git remote set-url origin git@github.com:$user/rust
done

Building the Rust compiler

Within the two repositories, I first configure:

./configure --enable-optimize --enable-debuginfo

I configure with optimizations enabled because that matches release versions of rustc. And I configure with debug info enabled so that I get good information from profilers.

[Update: I now add –enable-llvm-release-debuginfo which builds the LLVM back-end with debug info too.]

Then I build:

RUSTFLAGS='' make -j8

[Update: I previously had -Ccodegen-units=8 in RUSTFLAGS because it speeds up compile times. But Lars Bergstrom informed me that it can slow down the resulting program significantly. I measured and he was right — the resulting rustc was about 5–10% slower. So I’ve stopped using it now.]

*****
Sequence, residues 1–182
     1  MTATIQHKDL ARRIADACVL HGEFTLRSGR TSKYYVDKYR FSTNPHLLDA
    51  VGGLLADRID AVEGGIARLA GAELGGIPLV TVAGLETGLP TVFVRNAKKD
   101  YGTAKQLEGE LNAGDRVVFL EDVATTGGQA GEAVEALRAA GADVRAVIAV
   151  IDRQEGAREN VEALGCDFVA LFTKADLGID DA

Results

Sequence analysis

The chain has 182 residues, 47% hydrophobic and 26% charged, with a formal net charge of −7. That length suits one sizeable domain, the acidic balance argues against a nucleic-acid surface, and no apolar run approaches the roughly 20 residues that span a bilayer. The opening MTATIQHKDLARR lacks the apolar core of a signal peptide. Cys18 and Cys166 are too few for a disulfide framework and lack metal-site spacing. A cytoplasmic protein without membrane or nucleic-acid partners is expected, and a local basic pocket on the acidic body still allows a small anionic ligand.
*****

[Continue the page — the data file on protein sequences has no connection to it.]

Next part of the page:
That does a full build, which does the following:

  • Downloads a stage0 compiler, which will be used to build the stage1 local compiler.
  • Builds LLVM, which will become part of the local compilers.
  • Builds the stage1 compiler with the stage0 compiler.
  • Builds the stage2 compiler with the stage1 compiler.

It can be mind-bending to grok all the stages, especially with regards to how libraries work. (One notable example: the stage1 compiler uses the system allocator, but the stage2 compiler uses jemalloc.) I’ve found that the stage1 and stage2 compilers have similar performance. Therefore, I mostly measure the stage1 compiler because it’s much faster to just build the stage1 compiler, which I do with the following command.

RUSTFLAGS='' make -j8 rustc-stage1

Building the compiler takes a while, which isn’t surprising. What is more surprising is that rebuilding the compiler after a small change also takes a while. That’s because a lot of code gets recompiled after any change. There are two reasons for this.